It's not nice to make prank phone calls and this is the ethical way you can still get to do it! :D
posted by Jane the Brown at 6:08 PM on January 10 [17 favorites]

I get these calls all the time. Scam.
posted by chainsofreedom at 7:13 PM on January 10

This also happens sometimes when there's a debt someone is attempting to collect, and they phished your number out of a database that either erroneously lists (or links) you to that person. It's very startling, which is what they intend.
posted by sm1tten at 7:36 PM on January 10

If you want to take up their time like Jane the Brown but don't have the patience, there's always the old "oh, no, I always forget my number, have it written down, hold on while I go find it" and then leave them waiting on the line until they realize you're not coming back.
posted by trig at 8:05 PM on January 10 [4 favorites]

I'm a lawyer. I'm not licensed in your jurisdiction, and I'm not your lawyer. But one of my specialties is debt-collection defense, and what you're describing is a very, very common scam. One of the problems in the debt-collection industry is getting people and organizations to distinguish between three types of entities: (1) good, legit debt collectors; (2) shady, law-breaking debt collectors; and (3) con artists who are not "debt collectors" at all, despite the fact that they will claim to be collecting on your debt. The phone call you're describing is very, very common among the third category. I've spoken to them myself many times. For what it's worth, most of the people making these calls don't actually know they're involved in a scam. Many of them really do think they're working for a real company.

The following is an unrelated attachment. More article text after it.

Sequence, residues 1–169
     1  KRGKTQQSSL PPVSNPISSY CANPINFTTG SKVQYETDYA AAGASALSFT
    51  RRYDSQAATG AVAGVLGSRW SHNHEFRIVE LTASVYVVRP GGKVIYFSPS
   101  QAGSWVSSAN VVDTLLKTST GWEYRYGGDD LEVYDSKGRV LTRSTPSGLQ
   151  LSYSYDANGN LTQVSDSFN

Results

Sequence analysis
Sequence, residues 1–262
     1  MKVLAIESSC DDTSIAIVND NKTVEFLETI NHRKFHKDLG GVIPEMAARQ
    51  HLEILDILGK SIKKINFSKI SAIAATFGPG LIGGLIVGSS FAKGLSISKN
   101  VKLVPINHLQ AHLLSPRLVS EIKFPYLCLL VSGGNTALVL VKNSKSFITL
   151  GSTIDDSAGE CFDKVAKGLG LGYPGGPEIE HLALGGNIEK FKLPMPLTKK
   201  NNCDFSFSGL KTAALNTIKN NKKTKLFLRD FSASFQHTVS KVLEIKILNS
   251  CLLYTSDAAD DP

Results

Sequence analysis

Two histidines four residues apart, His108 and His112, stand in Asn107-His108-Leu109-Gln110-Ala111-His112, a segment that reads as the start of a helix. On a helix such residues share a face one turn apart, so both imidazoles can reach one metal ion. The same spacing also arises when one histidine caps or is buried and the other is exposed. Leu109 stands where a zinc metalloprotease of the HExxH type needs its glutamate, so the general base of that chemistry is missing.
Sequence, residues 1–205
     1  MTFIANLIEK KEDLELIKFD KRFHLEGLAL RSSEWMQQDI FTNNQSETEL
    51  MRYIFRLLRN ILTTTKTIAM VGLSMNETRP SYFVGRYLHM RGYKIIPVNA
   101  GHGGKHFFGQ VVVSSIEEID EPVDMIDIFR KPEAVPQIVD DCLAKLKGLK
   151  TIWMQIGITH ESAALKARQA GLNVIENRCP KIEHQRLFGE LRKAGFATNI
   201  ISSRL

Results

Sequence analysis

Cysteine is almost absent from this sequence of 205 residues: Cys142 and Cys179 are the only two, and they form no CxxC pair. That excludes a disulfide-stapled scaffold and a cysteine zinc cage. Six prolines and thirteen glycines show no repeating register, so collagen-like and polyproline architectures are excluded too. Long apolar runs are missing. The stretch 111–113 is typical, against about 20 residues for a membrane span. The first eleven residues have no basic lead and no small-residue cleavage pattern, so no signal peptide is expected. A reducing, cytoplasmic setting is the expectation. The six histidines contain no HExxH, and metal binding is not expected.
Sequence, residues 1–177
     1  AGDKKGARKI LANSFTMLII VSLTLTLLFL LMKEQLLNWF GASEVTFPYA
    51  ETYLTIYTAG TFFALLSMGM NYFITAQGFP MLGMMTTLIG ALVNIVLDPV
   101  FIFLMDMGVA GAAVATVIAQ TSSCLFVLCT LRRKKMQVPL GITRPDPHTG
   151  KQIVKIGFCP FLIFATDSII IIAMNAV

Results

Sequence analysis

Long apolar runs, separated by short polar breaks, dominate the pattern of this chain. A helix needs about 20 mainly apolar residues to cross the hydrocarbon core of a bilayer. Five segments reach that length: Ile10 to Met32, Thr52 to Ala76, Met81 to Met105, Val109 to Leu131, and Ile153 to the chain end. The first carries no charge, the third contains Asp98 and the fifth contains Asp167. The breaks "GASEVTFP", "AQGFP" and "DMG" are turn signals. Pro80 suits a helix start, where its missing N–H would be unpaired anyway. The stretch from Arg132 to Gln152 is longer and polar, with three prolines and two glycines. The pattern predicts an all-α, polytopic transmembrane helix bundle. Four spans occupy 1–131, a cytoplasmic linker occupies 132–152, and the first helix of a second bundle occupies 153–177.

The difference is simple. The first two categories—debt collectors—are people actually collecting on a debt that you (probably) owe. The first category is more conscientious than the second; but with both categories, if you pay them, you won't get sued and your credit score will change. There's some legitimacy to it. In that third category...any money that you send will be gone forever and will not affect your life one iota. That money will not go toward any debt you may actually owe. You might as well have flushed it down the toilet. Those people are just criminals who have realized that if they're cold-calling people asking for money, their chances will improve if they can pretend to be collecting on some debt you owe.

Here's the bad news: if that call was indeed from category 3, then you'll probably get more calls. Once you tell one outfit to go screw, they usually won't bother you again; but they bought your name and number from a list that was also sold to thirty other con-artist outfits, so you can expect more calls as your info winds its way through the criminal underworld. It's hard to fight back. If you want to, I'm glad to share a little about my experiences with you. But the bottom line is that there isn't a lot of motivation among police, prosecutors, or attorneys general to punish these criminals—in large part, because of where I began this comment: those people don't see the distinction and they just shrug, "If a debt collector is violating the law, that's a civil matter. Talk to a lawyer."
posted by cribcage at 10:35 PM on January 10 [6 favorites]